The Mount Olive Historic Cemetery Preservation Society, along with several other civic groups, marked “Make a Difference” Day with a celebration fair at the Brandon Hill Community Youth Garden. During the spring and summer, local youth were engaged in creating, planting, tending and harvesting a bountiful crop grown by their hands. Saturday was the culmination of recognition for their efforts. The harvest celebration meal consisted of the bounty of their garden, and it was plentiful.
The Youth Victory Garden is located in the Brandon Hill Community of the city, bound by Franklin, Commerce, Cedar and Duncan(?) Streets. The land consists of lots that were either donated or brought out right for this project. The young volunteers, C-MCSS students from diverse backgrounds, labored to clear the ground and prepare it for its new purpose — growing a vegetable crop to be harvested for the October celebration. Adult volunteers supervised and assisted the young people as they gained firsthand experience in what many of their forebears had done decades before and came to know an appreciation for an agrarian work ethic. The garden included corn, turnip, mustard and collard greens, spinach, tomatoes, green beans, yellow squash and even a small flower bed.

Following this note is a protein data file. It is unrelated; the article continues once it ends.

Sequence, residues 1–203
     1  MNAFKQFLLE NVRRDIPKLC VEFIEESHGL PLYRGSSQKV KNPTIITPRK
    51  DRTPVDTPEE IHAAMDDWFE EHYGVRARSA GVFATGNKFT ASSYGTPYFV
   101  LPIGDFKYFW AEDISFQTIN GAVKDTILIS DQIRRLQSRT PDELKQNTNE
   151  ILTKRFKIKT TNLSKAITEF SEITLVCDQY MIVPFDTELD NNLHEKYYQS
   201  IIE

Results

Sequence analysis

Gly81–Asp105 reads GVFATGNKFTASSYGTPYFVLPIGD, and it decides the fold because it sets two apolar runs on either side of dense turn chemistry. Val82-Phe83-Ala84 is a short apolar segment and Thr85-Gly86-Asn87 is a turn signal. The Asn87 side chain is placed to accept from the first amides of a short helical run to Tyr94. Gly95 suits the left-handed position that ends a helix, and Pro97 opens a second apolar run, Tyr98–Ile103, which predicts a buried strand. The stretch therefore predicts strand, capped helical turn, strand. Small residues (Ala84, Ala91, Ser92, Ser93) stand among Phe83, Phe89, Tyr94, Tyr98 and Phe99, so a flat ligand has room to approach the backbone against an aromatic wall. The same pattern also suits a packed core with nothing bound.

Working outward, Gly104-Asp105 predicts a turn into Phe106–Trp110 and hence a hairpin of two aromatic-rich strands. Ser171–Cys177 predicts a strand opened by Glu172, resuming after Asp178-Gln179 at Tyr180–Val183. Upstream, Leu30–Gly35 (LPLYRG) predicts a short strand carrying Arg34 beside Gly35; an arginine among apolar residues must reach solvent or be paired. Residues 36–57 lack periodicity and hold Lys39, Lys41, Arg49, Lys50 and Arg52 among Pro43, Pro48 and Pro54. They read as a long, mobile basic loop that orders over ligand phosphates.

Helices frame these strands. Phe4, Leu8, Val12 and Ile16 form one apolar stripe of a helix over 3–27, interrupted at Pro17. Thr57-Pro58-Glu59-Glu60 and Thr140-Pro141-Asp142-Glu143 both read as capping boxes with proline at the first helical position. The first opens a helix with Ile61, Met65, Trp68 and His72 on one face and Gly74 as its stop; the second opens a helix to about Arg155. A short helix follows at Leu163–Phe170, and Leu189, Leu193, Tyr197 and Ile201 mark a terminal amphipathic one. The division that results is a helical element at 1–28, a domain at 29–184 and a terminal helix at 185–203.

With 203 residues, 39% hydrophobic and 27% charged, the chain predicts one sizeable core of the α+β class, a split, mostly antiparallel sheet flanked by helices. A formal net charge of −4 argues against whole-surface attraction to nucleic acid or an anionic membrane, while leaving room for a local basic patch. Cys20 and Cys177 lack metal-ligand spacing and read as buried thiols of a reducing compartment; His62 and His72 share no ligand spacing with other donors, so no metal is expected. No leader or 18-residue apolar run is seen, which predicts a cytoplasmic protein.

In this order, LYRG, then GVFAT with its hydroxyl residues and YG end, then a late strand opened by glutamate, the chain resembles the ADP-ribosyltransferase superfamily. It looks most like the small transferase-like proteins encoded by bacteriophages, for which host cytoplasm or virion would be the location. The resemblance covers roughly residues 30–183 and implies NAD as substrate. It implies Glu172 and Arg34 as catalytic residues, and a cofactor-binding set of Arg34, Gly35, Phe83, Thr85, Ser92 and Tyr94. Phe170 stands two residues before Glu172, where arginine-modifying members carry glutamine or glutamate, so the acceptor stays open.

Organizations that participated in the fair include NewClear Vision, Asociacion Latina, the Boy Scouts, the Girl Scouts, Big Brothers/Big Sisters, CAMTAN, along with Mount Olive Historic Cemetery Preservation Society and many volunteer supporters. The Montgomery County Health Department was suppose to conduct free blood pressure and blood sugar screenings but did not show.
The fair had a raised stage where announcements, music, dances, skits and organizational presentations were performed as the fair grew in attendance. Although the weather was brisk, the community showed its interest in acknowledging the results of the young people’s efforts and the harvest they produced. The harvest meal of turnip greens, cornbread, beans and fried chicken with soft drinks served as a fitting highlight to a season of hands in the soil.